With the release of my latest romantic thriller, The Deadliest Denial, I’ve been giving a lot of thought to the various types of denial in human life. While I was writing the book, I was thinking of denial as the psychological equivalent of a life ring thrown to a drowning person in the face of unendurable pain: the betrayal of a spouse, the death of a loved one, the failure of a beloved child to live up to a parent’s expectations. Sometimes this denial turns into a desperate, self-imposed blindness, occasionally with fatal results.
But fortunately, most denial is more innocuous. Here are some of my personal favorites:
· I am going to clean out my perpetually-cluttered office once this book is turned in. (Bwahahaha! What a riot! Once the book is turned in, I will realize I am unemployed and frantically start work on a new proposal. Or two. Then I’ll do those pesky tasks, like paying bills, restocking the kitchen, and cleaning the bathroom before the health authorities show up. Any time I look at the overwhelming stacks of unfiled papers, I will immediately come up with some pressing self-promotional chore – or check my e-mail for the thousandth time.)
· I am going to walk more as soon as the pollen dies down (or the humidity decreases or the heat tapers off or – rarely – the cold snap ends). I live in the Houston area. Allergens, heat, humidity, mosquitoes, and rare cold snaps come with the territory. If I really want to walk, I’ll deal with it and do it. Daily, just like writing.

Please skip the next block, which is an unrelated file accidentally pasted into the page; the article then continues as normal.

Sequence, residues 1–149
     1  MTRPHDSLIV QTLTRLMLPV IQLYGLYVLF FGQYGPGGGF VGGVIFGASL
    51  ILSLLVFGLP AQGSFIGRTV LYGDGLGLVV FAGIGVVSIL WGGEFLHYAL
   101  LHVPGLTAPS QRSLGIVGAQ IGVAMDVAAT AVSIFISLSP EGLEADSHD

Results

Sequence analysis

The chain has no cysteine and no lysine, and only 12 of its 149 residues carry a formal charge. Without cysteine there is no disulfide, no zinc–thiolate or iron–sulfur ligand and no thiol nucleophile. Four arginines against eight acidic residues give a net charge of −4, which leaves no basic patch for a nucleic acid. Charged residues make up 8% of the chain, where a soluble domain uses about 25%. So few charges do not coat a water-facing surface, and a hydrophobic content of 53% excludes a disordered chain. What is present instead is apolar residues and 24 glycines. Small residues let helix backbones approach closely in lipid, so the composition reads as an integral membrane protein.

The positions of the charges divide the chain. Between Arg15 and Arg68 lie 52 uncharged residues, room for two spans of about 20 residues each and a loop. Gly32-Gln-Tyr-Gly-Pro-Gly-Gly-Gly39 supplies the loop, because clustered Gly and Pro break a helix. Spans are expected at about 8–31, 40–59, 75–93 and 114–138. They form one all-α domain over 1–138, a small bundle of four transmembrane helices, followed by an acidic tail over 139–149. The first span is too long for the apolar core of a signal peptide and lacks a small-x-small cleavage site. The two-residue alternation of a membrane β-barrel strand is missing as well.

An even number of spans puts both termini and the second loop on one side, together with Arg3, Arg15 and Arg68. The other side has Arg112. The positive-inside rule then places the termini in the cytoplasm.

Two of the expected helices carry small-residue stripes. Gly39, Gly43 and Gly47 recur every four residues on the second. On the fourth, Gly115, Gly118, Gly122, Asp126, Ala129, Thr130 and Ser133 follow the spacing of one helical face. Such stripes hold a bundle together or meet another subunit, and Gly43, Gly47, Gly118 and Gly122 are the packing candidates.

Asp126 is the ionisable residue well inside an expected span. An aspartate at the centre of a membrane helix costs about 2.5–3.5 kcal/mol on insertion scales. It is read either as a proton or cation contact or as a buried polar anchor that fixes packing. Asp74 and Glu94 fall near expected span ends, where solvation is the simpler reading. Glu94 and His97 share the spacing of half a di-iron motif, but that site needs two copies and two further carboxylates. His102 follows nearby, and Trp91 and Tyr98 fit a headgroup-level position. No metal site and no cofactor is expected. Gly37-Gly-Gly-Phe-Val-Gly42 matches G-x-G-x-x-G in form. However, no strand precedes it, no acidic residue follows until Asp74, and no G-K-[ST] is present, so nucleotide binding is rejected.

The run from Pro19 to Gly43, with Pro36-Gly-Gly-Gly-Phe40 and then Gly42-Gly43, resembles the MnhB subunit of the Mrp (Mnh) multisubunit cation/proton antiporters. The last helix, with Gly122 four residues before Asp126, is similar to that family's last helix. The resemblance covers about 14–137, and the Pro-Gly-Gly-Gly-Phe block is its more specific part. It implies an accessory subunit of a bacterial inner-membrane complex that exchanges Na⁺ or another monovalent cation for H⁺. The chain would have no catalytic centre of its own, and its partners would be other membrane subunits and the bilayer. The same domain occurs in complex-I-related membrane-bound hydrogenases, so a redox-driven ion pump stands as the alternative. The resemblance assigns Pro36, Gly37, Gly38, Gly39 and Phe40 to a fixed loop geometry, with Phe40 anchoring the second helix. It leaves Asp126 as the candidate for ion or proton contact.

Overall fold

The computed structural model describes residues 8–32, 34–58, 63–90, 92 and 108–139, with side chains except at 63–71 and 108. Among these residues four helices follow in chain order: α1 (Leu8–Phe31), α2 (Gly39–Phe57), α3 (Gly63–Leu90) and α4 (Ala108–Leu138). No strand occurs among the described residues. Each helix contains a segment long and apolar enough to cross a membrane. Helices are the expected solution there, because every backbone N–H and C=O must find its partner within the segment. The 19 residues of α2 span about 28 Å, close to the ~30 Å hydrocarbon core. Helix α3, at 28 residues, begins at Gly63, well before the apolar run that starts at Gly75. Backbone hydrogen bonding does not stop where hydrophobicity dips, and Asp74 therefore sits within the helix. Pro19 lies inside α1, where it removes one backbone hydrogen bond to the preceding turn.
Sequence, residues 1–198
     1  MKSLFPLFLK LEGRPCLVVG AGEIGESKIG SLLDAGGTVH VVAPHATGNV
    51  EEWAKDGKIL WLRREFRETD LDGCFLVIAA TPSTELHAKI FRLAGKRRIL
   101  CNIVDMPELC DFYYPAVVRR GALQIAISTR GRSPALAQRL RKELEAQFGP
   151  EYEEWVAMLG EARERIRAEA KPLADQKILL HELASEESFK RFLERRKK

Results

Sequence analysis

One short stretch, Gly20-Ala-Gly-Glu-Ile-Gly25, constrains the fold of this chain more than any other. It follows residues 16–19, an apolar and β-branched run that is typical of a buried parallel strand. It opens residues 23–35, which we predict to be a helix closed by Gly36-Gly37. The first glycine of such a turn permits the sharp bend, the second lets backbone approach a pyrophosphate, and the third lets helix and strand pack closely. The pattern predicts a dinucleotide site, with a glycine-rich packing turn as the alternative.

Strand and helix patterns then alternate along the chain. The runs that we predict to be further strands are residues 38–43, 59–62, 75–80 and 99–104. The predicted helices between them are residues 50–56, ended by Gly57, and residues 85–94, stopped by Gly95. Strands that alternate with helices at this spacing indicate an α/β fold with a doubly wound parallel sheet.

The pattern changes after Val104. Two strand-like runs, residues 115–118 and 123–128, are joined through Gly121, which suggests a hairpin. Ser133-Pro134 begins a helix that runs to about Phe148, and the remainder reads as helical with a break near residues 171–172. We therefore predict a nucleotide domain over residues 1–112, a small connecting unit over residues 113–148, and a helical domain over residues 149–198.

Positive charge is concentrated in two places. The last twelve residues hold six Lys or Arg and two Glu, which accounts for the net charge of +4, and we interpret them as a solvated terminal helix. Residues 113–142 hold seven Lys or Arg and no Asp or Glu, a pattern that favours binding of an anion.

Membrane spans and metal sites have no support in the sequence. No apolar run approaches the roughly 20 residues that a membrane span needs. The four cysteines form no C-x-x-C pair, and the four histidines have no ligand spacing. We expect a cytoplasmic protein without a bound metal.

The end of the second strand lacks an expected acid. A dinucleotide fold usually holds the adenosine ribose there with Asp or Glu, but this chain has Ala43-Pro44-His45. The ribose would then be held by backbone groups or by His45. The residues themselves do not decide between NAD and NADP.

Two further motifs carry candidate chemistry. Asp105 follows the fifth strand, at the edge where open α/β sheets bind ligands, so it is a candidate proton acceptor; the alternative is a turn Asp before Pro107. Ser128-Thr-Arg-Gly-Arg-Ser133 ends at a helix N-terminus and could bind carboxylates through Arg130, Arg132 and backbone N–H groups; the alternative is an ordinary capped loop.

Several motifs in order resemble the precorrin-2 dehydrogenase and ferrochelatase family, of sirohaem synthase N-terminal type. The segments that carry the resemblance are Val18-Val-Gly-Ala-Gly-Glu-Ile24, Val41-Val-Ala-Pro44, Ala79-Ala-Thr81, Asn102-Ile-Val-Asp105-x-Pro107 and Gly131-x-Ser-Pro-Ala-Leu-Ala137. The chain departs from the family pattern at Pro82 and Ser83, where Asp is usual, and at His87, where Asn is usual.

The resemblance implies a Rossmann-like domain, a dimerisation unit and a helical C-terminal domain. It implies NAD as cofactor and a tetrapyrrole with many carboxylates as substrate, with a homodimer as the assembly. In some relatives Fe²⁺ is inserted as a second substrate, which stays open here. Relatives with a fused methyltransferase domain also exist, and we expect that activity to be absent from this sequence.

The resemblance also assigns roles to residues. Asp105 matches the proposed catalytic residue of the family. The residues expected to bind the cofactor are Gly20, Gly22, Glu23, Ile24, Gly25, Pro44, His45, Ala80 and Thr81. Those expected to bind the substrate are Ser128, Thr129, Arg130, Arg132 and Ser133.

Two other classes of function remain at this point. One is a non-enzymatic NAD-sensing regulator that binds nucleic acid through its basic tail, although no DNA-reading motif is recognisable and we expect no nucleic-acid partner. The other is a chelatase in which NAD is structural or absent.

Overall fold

· One day, my house will all be clean at the same moment. (This is only happening if a. my mother-in-law, a famous white-glove tester type, is swooping in for a visit or some financial miracle allows me to hire a maid. I’d rather spend my days writing than cleaning something my family won’t allow to stay clean for more than ten minutes. After all, the books, once written, stay written.
· My book’s success is directly correlated to the amount of money and effort I pour into self-promotion. (I’ve mostly decided it has much more to do with the quality of the writing and universal appeal of the story, but I still catch myself panicking over not doing enough on my own. Whatever “enough” is.)
I frequently meet people who struggle with their own brand of denial in the writing department. They tell me:
· I’ll start that book tomorrow.
· I’m going to write as soon as I retire.
· You’re so lucky to have time to write (said resentfully). I have to a. work to support my family, b. raise children, c. tend to my ailing parents (as if those of us who write live in ivory towers with elves who come out at night to handle all the dirty work of life!)
· I’d be published by now, but I haven’t had the same breaks that you have. (This is always uttered by people who fail to complete manuscripts, send out queries, keep up with the marketplace, or do any of those out pesky chores associated with actual selling.)
· The only people who sell are mindless hacks like (insert name of famous, successful author). New York is too afraid to take chances on truly original work like mine. (Usually uttered by someone who’s written a 1,000-page tome on hairy, bisexual Neanderthals teleported to some technologically advanced-planet populated by goop-creatures – or something equally marketable.)
So what’s your favorite denial? And which ones are you most sick of hearing from others? Inquiring minds what to know…